In general, I was a fan of Venetian chiccheti. I was a particular fan of the local way of serving sardines - in oil, with raisins and grilled onions. It sounds like a bizarre combination but it works together very well - a savory dish with a slightly sweet tone.
There are a lot of touristy restaurants that both can and should be avoided. The best and most interesting meals we had in Venice were ones that were somewhat off the beaten path and in some cases came recommended by locals.
Venice is stunningly beautiful. It's basically impossible to point a camera at anything and not have the photo come out looking gorgeous.
While the more touristy parts of the city happen to include some of the most exceptionally beautiful parts, I really loved the quieter neighborhoods like Castello, Dorsoduro and Cannaregio as well. There isn't as much to "do" there, but they're no less beautiful than the more central parts of the city.
Do not drive in Rome. I do not know what they make Roman drivers out of, but it is harder stuff than is available over the counter in the United States and I cannot recommend it. Roman streets have no lanes, they just have cars doing whatever they feel like and miraculously not experiencing consequences.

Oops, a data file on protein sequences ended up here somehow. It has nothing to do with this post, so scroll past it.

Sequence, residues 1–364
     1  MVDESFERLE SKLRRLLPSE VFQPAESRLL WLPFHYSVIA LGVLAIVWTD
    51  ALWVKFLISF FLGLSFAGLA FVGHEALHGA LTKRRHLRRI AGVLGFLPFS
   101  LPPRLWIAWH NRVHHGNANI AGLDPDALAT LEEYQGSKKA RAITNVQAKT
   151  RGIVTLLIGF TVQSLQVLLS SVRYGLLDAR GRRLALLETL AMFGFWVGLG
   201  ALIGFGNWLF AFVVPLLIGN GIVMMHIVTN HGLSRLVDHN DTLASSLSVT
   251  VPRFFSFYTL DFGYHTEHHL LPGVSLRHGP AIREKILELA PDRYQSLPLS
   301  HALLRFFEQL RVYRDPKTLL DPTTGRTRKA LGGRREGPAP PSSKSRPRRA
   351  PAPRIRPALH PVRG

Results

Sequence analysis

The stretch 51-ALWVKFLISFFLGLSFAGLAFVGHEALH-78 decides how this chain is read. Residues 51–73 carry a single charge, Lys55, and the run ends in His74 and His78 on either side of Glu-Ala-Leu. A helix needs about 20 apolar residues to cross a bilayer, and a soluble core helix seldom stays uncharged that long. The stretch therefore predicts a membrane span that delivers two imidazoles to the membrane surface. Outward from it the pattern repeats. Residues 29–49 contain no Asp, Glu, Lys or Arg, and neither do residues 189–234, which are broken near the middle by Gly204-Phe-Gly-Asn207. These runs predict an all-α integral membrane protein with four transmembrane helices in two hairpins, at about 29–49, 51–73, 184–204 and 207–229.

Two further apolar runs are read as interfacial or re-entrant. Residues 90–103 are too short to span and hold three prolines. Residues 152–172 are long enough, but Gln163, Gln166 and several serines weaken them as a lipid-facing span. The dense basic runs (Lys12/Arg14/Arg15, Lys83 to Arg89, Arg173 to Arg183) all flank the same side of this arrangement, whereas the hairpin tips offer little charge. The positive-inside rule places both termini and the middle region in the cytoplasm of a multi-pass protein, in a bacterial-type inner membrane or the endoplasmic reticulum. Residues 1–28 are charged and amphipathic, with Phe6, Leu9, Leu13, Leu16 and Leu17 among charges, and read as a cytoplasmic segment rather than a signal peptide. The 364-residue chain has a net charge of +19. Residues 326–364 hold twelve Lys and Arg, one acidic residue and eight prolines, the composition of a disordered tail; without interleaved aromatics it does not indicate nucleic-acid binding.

It took me a while to figure out why central Rome seemed somewhat austere at times and I eventually nailed it down to a combination of low amounts of graffiti coupled with an almost complete lack of advertising billboards. The latter has a pronounced effect but takes a while to figure out, and you don't really notice it until you leave and start seeing advertisements everywhere again.
Unlike Venice, which is uniformly beautiful, Rome is divided into somewhat unattractive buildings and works of extreme awe and majesty. As you walk around central Rome the frequency with which you encounter awesome works goes up until you are constantly looking at works of such grandeur that your mind cannot really comprehend it. Photographs do not work so well in these circumstances - there is, for instance, no real way to take a photograph that captures the scale of the Altare della Patria, nor the fact that the Roman Forum lies immediately behind it.
One of the things that occurred to us as we were walking around Rome is that being surrounded by buildings of this sort would undoubtedly contribute to a shared sense of manifest destiny. It's not hard to imagine how the literal structural environment of Rome could have contributed to the 20th century rise of Italian Fascism.
I don't have a conclusion for this post.
Italy was nice. I recommend it.